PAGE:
Can we do that with grace today? Can we let it help us see the person in front of us in line, the person behind us, as people, not party members. People who are doing what they can in the best way they know how. Can we, will we offer grace, let it ripple out, let it grow and splash and spray and spread? Because this country could desperately use some grace today.

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BloPoMo Day 7: “Giving Wings to Grace”


Did you know that grace can be sent?

It is as simple as a stamp on an envelope,

A name on a package, or an address in the To: field.

Grace is given in the remembering.

Grace is given in letting someone know that you remember.

Grace is given in the “Hello, how are you?”

Grace is spoken in the “I’ve been thinking about you”.

When we assure another that they are not forgotten in the crush and swell of this world,

That is grace.

We can twine our words round with kindness, compassion, and love, like wrapping paper and ribbon.

We can give grace in a “hello”,

Extend it in an “I love you”,

Gift it with a “you matter”.

We give grace a face when we listen in silence.

We give it wings when we acknowledge another’s pain.

We give it hands when we reach out.

Sometimes, our grace is small, childish, as simple as a shared cookie or bag of caramels.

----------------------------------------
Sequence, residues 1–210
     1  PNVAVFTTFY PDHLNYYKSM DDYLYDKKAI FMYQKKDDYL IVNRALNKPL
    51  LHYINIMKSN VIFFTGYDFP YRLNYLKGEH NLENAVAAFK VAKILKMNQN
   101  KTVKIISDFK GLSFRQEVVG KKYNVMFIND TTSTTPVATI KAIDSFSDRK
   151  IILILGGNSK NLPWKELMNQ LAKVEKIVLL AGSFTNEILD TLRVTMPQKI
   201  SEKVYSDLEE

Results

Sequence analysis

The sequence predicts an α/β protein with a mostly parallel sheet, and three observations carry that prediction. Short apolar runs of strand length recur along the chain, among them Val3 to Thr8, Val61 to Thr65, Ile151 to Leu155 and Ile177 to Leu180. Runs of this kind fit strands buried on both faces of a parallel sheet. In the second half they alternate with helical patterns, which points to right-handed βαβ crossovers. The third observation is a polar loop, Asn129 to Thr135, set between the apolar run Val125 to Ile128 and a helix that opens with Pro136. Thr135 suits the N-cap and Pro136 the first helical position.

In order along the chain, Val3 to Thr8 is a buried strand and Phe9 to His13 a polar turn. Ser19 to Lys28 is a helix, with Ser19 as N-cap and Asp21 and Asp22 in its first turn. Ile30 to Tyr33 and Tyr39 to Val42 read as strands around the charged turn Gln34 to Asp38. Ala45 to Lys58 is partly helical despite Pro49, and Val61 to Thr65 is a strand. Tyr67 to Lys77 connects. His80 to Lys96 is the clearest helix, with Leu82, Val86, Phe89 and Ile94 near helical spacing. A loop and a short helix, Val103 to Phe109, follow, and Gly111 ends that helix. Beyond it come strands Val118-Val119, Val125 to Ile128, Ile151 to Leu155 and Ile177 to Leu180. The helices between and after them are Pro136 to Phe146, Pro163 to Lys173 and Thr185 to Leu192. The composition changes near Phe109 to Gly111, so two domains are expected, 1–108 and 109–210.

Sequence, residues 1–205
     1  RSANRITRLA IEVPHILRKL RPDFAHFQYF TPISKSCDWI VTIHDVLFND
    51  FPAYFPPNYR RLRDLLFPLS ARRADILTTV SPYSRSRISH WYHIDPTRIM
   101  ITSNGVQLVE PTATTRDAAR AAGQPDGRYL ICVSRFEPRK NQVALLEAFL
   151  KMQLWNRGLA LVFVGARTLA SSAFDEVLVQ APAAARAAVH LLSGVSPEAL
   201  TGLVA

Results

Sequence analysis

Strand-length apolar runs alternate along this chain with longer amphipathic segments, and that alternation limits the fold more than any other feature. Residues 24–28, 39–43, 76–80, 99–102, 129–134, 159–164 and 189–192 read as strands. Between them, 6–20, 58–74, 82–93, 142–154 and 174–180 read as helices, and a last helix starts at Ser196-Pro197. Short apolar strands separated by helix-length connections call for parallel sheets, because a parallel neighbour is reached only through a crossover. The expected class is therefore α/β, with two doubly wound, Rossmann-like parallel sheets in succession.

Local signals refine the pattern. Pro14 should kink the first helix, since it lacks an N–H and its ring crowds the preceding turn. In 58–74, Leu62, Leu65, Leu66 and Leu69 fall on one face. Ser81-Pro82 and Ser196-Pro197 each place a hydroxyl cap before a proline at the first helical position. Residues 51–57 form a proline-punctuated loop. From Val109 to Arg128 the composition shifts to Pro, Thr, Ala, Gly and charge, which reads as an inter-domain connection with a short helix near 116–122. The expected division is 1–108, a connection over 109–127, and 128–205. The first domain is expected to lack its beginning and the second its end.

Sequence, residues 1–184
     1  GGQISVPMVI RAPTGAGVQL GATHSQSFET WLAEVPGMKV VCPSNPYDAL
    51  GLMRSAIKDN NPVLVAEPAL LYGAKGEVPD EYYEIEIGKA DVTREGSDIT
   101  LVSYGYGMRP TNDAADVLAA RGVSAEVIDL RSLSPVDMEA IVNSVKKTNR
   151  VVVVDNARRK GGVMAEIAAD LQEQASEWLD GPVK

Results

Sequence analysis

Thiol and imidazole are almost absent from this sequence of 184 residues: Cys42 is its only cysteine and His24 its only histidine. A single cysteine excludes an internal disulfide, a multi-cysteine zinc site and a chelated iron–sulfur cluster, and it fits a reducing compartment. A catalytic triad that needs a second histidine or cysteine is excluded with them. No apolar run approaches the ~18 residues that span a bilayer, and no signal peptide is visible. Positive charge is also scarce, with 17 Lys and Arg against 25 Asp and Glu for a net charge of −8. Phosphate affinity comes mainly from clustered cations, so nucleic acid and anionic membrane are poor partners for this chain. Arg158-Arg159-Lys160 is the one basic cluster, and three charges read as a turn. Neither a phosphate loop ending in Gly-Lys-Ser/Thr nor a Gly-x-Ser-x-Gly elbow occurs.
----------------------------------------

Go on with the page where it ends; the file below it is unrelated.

Sometimes our grace is broken as we work through our own pain, but we make the attempt.

Sometimes our grace is beautiful, opalescent, forgiving, and extravagant.

Sometimes our grace is just blue ink on lined paper and starts out, “I just wanted to say hello”.

BloPoMo Day 6: “Grace in Extravagance”


When I was in high school, I had a conversation with a classmate that I still remember almost 20 years later. We were discussing a popular female musician. My classmate insisted that the young woman had a big nose, far too big to be pretty. I replied that, even if that were so, her voice was still very lovely.

My classmate looked at me and stated, “You always find something good to say about someone. I need to learn to do that.”

I didn’t think much about it at the time because I was merely stating the truth: her voice was (and is) lovely. It didn’t think that I was doing anything extravagant, despite my classmate’s implication. But it has stuck with me all these years, always floating in the back of my mind somewhere. I have come to believe that it has influenced the way I think about and speak of others, whether I notice it or not. There is a grace in being willing to find what is good in someone, in choosing to build them up rather than tear them down. I also believe that there is grace in being willing to see what is real in someone.

What is real will not always be pretty, it will not always be easy. It may be messy, it may be difficult to fathom or handle, but grace involves seeing people as they are, where they are, and extending compassion and loving-kindness to them in that moment. I will admit that I have not always stuck it out through the real in people. There have been times when I have backed up or slipped away, when I have chosen silence over the difficult and homeostasis over the challenging, or let relationships fall silent, wither, and die because I just didn’t know what to do and was too scared or hurt or weary to try, to reach out, or to forgive. I admit this with regret and repent of it now, though, in some cases, I know the deep truth of Dickens’ words: